As I prepare for my son’s first birthday I feel into the gift my husband and I gave him on his BIRTH-day. I remind myself of what we transmitted to our son with every choice we made and I remind my son to never betray himself as we did not betray ourselves throughout his birthing journey.
You will want to have a room that will comfortably fit everyone and your birthing tub (if using). A warm cozy area where light levels can be adjusted as needed is also very beneficial. If you are using candles look into having some flameless candles, as candles can heat up a room very quickly. Most women labor best in a darkened quiet area. Make sure there are curtains or blinds on the windows so they can be closed to allow for additional privacy.
Make sure your birthing supplies are easily accessible and everyone knows where they are. If having a waterbirth, make sure you have a stack of clean towels next to the tub. Also make sure there is water or an energy drink available to you at all times, along with snacks.
Set up your cd player/mp3 player and make sure your care provider or doula know how to use it, so they can start or stop it as needed. If you want photos or video makes sure your support people also know how to use them and what moments you want captured from the labour and birth.
Prepare the room for any religious beliefs or practices, including plans for the placenta. Some women find personal items that make them feel good important to have, whether this be a favorite photo or a focal point to concentrate on when labour gets tough. And last but not least, make sure you have items for baby like clothes, blankets, towels, hat and diapers.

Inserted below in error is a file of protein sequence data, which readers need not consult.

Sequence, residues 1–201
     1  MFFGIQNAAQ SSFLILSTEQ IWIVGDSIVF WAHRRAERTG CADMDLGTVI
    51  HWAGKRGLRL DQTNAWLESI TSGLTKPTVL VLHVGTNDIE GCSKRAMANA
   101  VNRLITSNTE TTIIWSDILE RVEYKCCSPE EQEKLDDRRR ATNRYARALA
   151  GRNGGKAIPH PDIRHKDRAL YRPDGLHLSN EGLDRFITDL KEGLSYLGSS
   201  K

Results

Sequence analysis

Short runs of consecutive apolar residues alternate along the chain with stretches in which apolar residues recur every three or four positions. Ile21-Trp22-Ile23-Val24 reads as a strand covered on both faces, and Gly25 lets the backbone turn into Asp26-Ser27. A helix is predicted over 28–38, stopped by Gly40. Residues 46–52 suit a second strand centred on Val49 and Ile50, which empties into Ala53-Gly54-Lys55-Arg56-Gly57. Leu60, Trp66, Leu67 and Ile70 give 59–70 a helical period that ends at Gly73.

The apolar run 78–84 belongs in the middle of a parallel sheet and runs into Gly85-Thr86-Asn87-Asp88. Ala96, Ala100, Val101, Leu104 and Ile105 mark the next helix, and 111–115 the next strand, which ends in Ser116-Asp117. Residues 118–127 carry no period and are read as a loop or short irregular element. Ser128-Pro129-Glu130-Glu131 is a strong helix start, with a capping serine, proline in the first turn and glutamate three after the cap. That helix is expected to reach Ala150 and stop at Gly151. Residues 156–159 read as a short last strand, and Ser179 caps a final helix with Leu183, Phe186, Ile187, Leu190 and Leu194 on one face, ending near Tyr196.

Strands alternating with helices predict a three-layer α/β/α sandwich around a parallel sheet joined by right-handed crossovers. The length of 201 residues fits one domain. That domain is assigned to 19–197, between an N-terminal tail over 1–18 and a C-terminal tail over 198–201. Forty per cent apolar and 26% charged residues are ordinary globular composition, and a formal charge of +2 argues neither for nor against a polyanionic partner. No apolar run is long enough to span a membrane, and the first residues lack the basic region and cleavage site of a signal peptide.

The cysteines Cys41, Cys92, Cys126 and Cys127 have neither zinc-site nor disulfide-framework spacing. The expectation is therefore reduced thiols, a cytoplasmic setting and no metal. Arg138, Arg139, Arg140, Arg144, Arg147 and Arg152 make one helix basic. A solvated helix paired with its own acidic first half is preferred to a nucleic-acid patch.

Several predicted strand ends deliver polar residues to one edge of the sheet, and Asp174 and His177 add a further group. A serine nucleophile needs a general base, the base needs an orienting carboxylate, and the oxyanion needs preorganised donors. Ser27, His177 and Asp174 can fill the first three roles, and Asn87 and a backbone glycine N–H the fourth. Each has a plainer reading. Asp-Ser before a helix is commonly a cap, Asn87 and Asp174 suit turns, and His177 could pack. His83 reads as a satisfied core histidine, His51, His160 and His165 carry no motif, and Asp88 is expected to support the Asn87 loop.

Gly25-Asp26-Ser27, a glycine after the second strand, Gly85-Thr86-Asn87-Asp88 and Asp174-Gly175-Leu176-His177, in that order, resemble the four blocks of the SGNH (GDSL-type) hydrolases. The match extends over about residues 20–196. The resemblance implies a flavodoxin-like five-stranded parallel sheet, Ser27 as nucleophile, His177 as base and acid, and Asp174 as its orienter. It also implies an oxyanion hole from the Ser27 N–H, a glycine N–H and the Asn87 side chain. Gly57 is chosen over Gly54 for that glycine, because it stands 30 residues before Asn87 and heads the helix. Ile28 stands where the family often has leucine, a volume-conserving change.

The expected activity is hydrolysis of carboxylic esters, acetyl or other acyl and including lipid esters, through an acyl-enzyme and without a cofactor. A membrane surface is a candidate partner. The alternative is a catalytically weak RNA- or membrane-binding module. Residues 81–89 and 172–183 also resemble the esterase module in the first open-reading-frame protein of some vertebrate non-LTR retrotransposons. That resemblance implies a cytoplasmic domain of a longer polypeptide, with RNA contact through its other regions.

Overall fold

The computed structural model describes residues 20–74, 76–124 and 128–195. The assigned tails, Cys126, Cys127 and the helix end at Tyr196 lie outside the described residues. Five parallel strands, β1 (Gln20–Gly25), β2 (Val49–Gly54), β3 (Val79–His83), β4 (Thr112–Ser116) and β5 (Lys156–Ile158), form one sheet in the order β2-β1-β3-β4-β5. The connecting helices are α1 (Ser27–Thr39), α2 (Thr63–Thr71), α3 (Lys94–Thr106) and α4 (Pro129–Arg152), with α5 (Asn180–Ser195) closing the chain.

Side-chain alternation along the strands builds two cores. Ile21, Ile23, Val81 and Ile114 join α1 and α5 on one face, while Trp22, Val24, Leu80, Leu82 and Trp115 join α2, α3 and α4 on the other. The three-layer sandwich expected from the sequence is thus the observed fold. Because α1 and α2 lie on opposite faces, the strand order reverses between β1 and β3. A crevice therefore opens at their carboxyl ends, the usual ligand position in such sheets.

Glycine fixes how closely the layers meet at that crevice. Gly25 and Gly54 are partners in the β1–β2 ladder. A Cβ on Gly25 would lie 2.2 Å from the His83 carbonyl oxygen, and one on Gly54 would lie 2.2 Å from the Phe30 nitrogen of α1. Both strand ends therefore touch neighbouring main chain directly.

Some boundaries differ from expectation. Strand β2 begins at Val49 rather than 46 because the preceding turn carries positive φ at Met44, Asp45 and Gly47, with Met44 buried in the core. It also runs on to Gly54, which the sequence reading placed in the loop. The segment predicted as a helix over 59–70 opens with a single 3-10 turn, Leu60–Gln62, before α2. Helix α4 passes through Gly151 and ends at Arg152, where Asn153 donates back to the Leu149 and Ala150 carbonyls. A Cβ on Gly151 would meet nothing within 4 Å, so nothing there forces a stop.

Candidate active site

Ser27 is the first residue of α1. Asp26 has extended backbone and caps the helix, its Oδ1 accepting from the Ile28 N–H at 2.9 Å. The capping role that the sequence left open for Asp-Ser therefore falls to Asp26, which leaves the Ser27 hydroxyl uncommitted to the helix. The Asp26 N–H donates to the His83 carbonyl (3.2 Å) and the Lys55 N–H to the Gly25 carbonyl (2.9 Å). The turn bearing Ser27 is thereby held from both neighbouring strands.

Go back to: Step #9: Birth Support
Go ahead to: Step #11: Birthing Day
Go to: Birthing Methods Main Menu
In having a home birth you will not have hospital protocol around you. Having the knowledge that a class can give you may be priceless in the end! Your care provider may be able to give you some insight during your appointments, about what to expect. However this does not substitute taking a class and doing hands on learning.
So how do you choose which to go with? There are so many choices, here is a brief synopsis of some of the choices out there.
Go back to: Step #7: Gathering Birthing Supplies
Go ahead to: Step #9: Birth Support
Go to: Birthing Methods Main Menu
Some providers will give you a list of items for you to purchase typically a kit that they have set together at specific websites and it’s a one click shopping trip. There are even a few who provide everything from your birthing tub, to post partum products, it will just depend on your care provider.
Things you may want to have:
Go back to: Step #6: Creating a Birth Plan
Go ahead to: Step #8: Should I Take a Childbirth Education Class?
Go to: Birthing Methods Main Menu
Creating a Birth Plan is a great idea regardless of where you are birthing. This makes sure that you and your care provider are on the same page in terms of what you want for and from your birth. When you're in labour you will not want to spend a lot of time explaining your wishes. It's nice to have people just know their role and what's expected of them, this makes for no suprises with conflict in your wishes.
Some considerations of things to include:
To learn more about birth plans visit this site or any other resources you can find online.
This birth plan article may also provide you with additional things to consider in your birth plan.
Go back to: Step #5: Tests and Ultrasounds
Go ahead to: Step #7: Gathering Birthing Supplies
Go to: Birthing Methods Main Menu